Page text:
related to death

My experience of death remains mercifully slight up to now, the most profound being the death of a dog with whom I had grown up from the age of 6 weeks to 12 years.

My girlfriend’s experience of death is rather more profound. She had lost both her mother and her father before she was 29. They died a handful of years apart, her mother a few before her father, both after long illnesses.

A year ago the boyfriend of a good friend of hers died in a slightly mysterious car crash, aged 24. They were friends too, she says, outside of her girl friend. How close were they really? I’ll never know, but I would wager with some confidence that they weren’t that close. Perhaps they all went out and got drunk together a bunch of times, likely no more than a small bunch. And she visited the couple’s home from time to time.

Nonetheless, yesterday, on the anniversary of his death, she felt compelled to take the day off work and visit him at a crematorium with her friend. Not his former girlfriend – she didn’t want to go – but with another mutual friend.

My fear is that she involuntarily romanticises death, feels a duty towards death itself. She can be a whispy, drifty, daydreamy character: easily distracted, struggles to focus and self-discipline. This sort of thing doesn’t help.

Of course the first anniversary of a friend’s death deserves pause for thought, remembrance. But this week she confessed to being more distant because she is thinking about this guy, her memories of him and also the memories of her grief and shock, the drama associated with learning about his death. It was awful, yes.  But to ponder it to this extent seems to me theatrical, dramatised, romanticised, indulgent, difficult.

Why? I struggle to empathise, am left bewildered, confused, frustrated.

Why not concentrate instead on the living, on life?  Don’t get drawn off into this ethereal hinterland. Maybe instigate an interaction with me from time to time, instead of letting me do it all the time.

For various reasons we’ve been almost a week apart now – which is some time for us.  And we’re not great at communicating over distance.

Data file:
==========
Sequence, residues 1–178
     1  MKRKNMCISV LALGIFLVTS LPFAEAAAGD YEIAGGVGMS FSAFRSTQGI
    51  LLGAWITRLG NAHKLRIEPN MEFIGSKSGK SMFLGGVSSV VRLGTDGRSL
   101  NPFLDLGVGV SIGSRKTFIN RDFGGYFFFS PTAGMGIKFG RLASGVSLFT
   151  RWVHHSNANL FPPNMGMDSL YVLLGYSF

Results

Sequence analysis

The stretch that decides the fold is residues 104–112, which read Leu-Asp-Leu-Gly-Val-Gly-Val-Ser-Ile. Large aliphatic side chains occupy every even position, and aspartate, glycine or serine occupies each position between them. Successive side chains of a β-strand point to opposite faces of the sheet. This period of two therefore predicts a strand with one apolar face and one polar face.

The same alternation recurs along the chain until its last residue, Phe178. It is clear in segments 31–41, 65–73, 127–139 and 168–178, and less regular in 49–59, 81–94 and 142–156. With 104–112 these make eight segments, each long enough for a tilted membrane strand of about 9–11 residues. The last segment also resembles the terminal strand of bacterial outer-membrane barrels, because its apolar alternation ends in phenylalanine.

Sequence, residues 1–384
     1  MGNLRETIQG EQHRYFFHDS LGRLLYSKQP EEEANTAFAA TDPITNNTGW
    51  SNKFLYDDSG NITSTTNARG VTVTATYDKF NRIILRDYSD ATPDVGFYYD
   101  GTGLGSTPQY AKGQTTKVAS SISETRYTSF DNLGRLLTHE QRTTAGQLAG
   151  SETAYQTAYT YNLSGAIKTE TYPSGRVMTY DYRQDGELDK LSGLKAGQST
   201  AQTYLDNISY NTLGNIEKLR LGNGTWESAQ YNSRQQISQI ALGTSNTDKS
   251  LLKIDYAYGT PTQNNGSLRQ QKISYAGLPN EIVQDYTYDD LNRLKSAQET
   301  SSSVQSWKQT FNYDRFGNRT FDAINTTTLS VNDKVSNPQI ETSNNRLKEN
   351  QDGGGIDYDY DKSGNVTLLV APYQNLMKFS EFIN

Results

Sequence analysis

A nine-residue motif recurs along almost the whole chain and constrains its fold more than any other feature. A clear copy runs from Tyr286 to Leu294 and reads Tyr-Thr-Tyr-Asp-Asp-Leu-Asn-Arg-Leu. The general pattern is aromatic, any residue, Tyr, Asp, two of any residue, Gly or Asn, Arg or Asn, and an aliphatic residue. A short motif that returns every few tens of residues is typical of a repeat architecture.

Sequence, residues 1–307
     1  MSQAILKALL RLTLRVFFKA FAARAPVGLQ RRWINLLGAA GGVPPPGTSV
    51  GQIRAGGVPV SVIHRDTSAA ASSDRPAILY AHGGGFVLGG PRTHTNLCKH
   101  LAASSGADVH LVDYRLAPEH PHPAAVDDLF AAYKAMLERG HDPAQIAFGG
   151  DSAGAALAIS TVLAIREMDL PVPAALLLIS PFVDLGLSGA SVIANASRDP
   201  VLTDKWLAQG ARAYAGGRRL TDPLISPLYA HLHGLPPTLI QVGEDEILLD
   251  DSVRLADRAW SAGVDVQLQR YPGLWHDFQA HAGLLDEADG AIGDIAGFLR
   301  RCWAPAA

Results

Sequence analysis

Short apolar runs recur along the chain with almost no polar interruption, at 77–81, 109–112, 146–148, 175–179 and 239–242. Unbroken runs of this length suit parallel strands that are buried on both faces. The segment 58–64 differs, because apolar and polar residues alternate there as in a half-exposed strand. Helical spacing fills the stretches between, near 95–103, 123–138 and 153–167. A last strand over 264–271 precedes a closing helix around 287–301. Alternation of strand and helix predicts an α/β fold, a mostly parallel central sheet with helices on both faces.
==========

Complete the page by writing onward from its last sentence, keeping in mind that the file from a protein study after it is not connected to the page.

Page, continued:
The other night I dreamt about cheating on her – which felt great and good at the time (possibly because the fictional other girl was blonde and more attractive and seemed to *get* me more instinctively and naturally; and because I am a bad, shallow individual).  It felt good despite a concurrent fear and guilt; then I dreamt about confessing to her and it was emotional and terrible. When I woke i felt disgusted and sad.

Apart, I feel we always drift a little, which scares me.  Although she doesn’t feel it and says I overanalyse.  Perhaps we should both prioritise moving on together, finding that equidistant place halfway along the motorway between us.

don’t get the joke

Walking to the cinema I begin unpicking the wires of my headphones, trying to untangle them, make sense of their ends and loops.  Absently at times but stubbornly too, never giving in, I persevere as I walk, slowly growing more and more vexed.  On reaching the supermarket just before the cinema, I give up and stuff them back into a pocket again.

It’s a type of humour that I struggle with, that zany anarchic chaotic stoner humour often exported from the US, recently by Seth Rogen.  I can recognise that some elements are funny, appreciate why some laugh raucously, seemingly more stung by humour than reacting to a well-constructed joke.

But I can’t myself be moved in any way.  I am left confused and befuddled and feeling old, much as I was when I was at school.  So it was that I stared blankly at This Is The End, while others around me roared their approval.  It was quirky, the Hollywood A-Listers playing versions of themselves, an engaging enough idea.  But it soon descends into their indulgent riffing, playing around with a medium and their privileged access to it, simply because they could.  I leave about a third of the way in, diusgruntled, hot and as hayfevery as ever.  I can barely remember a time when my eyes didn’t sting and my nose didn’t run.

Stomping away from the theatre, distracted and irritated by my failure to compute the film, I pick out the headphones again.  At the bottom of one escalator I give the task my full attention, standing there for a full five minutes, picking out the tangles and unravelling the wires.

How the fuck does this take so long?

What is wrong with me?

Finally, eventually, I’m there.

I slot the one end into my iPod and hit play on some music.  The sound is unequal in different ears, thrown out, distorted, tangled like the wire itself.  Waggling at the port confirms that yes, the headphones at least, but perhaps even the iPod itself; something anyway, is broken.

Boiling frustration at my incessantly dripping hayfever, the heat, everything comes together.

Standing on the final escalator down towards the ground floor exit, I consider punching the already cracked screen of my iPod, squealing or growling or emitting some thing; a worthwhile representation of my frustration.

I don’t though.  I breathe and walk and sniff and feel all the worse for my suppression.